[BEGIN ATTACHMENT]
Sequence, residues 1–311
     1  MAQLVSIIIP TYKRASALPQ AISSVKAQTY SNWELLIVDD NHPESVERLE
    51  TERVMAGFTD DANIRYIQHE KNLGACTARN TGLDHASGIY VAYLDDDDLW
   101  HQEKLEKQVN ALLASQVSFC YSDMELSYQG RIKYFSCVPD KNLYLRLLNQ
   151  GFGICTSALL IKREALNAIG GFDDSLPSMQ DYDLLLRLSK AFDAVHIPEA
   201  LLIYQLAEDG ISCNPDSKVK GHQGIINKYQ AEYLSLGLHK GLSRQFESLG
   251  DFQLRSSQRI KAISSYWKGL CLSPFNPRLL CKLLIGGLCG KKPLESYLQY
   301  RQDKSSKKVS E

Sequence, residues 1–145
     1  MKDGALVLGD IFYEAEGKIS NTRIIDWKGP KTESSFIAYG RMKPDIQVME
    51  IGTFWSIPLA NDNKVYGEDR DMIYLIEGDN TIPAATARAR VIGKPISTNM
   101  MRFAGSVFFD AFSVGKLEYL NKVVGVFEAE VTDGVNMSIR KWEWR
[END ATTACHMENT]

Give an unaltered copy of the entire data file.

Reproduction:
Sequence, residues 1–311
     1  MAQLVSIIIP TYKRASALPQ AISSVKAQTY SNWELLIVDD NHPESVERLE
    51  TERVMAGFTD DANIRYIQHE KNLGACTARN TGLDHASGIY VAYLDDDDLW
   101  HQEKLEKQVN ALLASQVSFC YSDMELSYQG RIKYFSCVPD KNLYLRLLNQ
   151  GFGICTSALL IKREALNAIG GFDDSLPSMQ DYDLLLRLSK AFDAVHIPEA
   201  LLIYQLAEDG ISCNPDSKVK GHQGIINKYQ AEYLSLGLHK GLSRQFESLG
   251  DFQLRSSQRI KAISSYWKGL CLSPFNPRLL CKLLIGGLCG KKPLESYLQY
   301  RQDKSSKKVS E

Sequence, residues 1–145
     1  MKDGALVLGD IFYEAEGKIS NTRIIDWKGP KTESSFIAYG RMKPDIQVME
    51  IGTFWSIPLA NDNKVYGEDR DMIYLIEGDN TIPAATARAR VIGKPISTNM
   101  MRFAGSVFFD AFSVGKLEYL NKVVGVFEAE VTDGVNMSIR KWEWR